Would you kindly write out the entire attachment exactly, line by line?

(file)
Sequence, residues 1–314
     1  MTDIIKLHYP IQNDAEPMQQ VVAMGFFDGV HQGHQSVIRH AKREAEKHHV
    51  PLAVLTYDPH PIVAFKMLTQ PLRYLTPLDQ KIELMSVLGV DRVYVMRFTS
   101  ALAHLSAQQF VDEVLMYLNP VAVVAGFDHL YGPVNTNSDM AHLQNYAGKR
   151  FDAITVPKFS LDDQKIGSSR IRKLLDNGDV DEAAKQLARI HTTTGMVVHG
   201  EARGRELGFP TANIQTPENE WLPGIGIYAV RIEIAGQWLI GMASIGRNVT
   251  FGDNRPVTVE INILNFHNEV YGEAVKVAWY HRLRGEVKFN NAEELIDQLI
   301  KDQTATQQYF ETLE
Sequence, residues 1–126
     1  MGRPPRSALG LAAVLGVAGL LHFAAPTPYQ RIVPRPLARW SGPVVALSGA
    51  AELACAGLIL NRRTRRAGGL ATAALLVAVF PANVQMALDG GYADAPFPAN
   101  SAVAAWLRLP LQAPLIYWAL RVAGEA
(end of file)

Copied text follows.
Sequence, residues 1–314
     1  MTDIIKLHYP IQNDAEPMQQ VVAMGFFDGV HQGHQSVIRH AKREAEKHHV
    51  PLAVLTYDPH PIVAFKMLTQ PLRYLTPLDQ KIELMSVLGV DRVYVMRFTS
   101  ALAHLSAQQF VDEVLMYLNP VAVVAGFDHL YGPVNTNSDM AHLQNYAGKR
   151  FDAITVPKFS LDDQKIGSSR IRKLLDNGDV DEAAKQLARI HTTTGMVVHG
   201  EARGRELGFP TANIQTPENE WLPGIGIYAV RIEIAGQWLI GMASIGRNVT
   251  FGDNRPVTVE INILNFHNEV YGEAVKVAWY HRLRGEVKFN NAEELIDQLI
   301  KDQTATQQYF ETLE
Sequence, residues 1–126
     1  MGRPPRSALG LAAVLGVAGL LHFAAPTPYQ RIVPRPLARW SGPVVALSGA
    51  AELACAGLIL NRRTRRAGGL ATAALLVAVF PANVQMALDG GYADAPFPAN
   101  SAVAAWLRLP LQAPLIYWAL RVAGEA